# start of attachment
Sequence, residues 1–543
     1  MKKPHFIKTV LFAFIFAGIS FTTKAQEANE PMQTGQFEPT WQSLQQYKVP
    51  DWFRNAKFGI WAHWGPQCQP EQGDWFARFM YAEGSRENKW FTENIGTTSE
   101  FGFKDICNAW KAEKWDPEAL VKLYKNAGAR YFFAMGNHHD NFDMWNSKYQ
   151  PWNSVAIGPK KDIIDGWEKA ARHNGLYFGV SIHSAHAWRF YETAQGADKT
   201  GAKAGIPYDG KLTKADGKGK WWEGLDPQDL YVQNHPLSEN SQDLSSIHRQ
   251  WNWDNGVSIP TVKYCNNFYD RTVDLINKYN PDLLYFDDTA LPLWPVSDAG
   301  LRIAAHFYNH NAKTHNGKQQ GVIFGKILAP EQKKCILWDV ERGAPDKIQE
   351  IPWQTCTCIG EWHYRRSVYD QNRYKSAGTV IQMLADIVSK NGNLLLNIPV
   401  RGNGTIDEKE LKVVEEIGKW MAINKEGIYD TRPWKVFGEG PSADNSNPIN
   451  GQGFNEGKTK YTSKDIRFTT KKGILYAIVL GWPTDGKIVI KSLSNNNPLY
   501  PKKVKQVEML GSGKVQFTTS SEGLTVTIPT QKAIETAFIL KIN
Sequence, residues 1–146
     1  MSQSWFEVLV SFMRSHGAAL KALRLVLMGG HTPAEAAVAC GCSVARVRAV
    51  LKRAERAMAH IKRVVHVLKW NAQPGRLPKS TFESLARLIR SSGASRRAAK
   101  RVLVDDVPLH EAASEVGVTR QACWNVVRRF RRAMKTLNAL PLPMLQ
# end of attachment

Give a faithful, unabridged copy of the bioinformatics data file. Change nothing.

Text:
Sequence, residues 1–543
     1  MKKPHFIKTV LFAFIFAGIS FTTKAQEANE PMQTGQFEPT WQSLQQYKVP
    51  DWFRNAKFGI WAHWGPQCQP EQGDWFARFM YAEGSRENKW FTENIGTTSE
   101  FGFKDICNAW KAEKWDPEAL VKLYKNAGAR YFFAMGNHHD NFDMWNSKYQ
   151  PWNSVAIGPK KDIIDGWEKA ARHNGLYFGV SIHSAHAWRF YETAQGADKT
   201  GAKAGIPYDG KLTKADGKGK WWEGLDPQDL YVQNHPLSEN SQDLSSIHRQ
   251  WNWDNGVSIP TVKYCNNFYD RTVDLINKYN PDLLYFDDTA LPLWPVSDAG
   301  LRIAAHFYNH NAKTHNGKQQ GVIFGKILAP EQKKCILWDV ERGAPDKIQE
   351  IPWQTCTCIG EWHYRRSVYD QNRYKSAGTV IQMLADIVSK NGNLLLNIPV
   401  RGNGTIDEKE LKVVEEIGKW MAINKEGIYD TRPWKVFGEG PSADNSNPIN
   451  GQGFNEGKTK YTSKDIRFTT KKGILYAIVL GWPTDGKIVI KSLSNNNPLY
   501  PKKVKQVEML GSGKVQFTTS SEGLTVTIPT QKAIETAFIL KIN
Sequence, residues 1–146
     1  MSQSWFEVLV SFMRSHGAAL KALRLVLMGG HTPAEAAVAC GCSVARVRAV
    51  LKRAERAMAH IKRVVHVLKW NAQPGRLPKS TFESLARLIR SSGASRRAAK
   101  RVLVDDVPLH EAASEVGVTR QACWNVVRRF RRAMKTLNAL PLPMLQ